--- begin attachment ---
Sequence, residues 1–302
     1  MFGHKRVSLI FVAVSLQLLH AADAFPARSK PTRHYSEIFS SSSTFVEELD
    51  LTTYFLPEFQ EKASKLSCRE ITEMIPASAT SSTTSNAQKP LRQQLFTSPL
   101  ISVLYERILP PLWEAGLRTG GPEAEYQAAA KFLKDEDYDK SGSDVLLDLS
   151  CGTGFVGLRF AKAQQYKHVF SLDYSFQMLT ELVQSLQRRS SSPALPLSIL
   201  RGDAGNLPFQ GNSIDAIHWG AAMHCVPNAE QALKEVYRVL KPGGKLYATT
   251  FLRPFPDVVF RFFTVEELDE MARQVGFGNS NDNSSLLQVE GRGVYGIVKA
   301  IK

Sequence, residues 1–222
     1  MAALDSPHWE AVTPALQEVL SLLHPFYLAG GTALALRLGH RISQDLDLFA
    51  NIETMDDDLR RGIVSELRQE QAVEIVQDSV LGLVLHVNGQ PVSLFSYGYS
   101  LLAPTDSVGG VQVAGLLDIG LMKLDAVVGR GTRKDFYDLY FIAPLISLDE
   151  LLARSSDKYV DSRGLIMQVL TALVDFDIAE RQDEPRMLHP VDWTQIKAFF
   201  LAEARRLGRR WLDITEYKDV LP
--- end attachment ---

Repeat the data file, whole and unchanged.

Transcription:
Sequence, residues 1–302
     1  MFGHKRVSLI FVAVSLQLLH AADAFPARSK PTRHYSEIFS SSSTFVEELD
    51  LTTYFLPEFQ EKASKLSCRE ITEMIPASAT SSTTSNAQKP LRQQLFTSPL
   101  ISVLYERILP PLWEAGLRTG GPEAEYQAAA KFLKDEDYDK SGSDVLLDLS
   151  CGTGFVGLRF AKAQQYKHVF SLDYSFQMLT ELVQSLQRRS SSPALPLSIL
   201  RGDAGNLPFQ GNSIDAIHWG AAMHCVPNAE QALKEVYRVL KPGGKLYATT
   251  FLRPFPDVVF RFFTVEELDE MARQVGFGNS NDNSSLLQVE GRGVYGIVKA
   301  IK

Sequence, residues 1–222
     1  MAALDSPHWE AVTPALQEVL SLLHPFYLAG GTALALRLGH RISQDLDLFA
    51  NIETMDDDLR RGIVSELRQE QAVEIVQDSV LGLVLHVNGQ PVSLFSYGYS
   101  LLAPTDSVGG VQVAGLLDIG LMKLDAVVGR GTRKDFYDLY FIAPLISLDE
   151  LLARSSDKYV DSRGLIMQVL TALVDFDIAE RQDEPRMLHP VDWTQIKAFF
   201  LAEARRLGRR WLDITEYKDV LP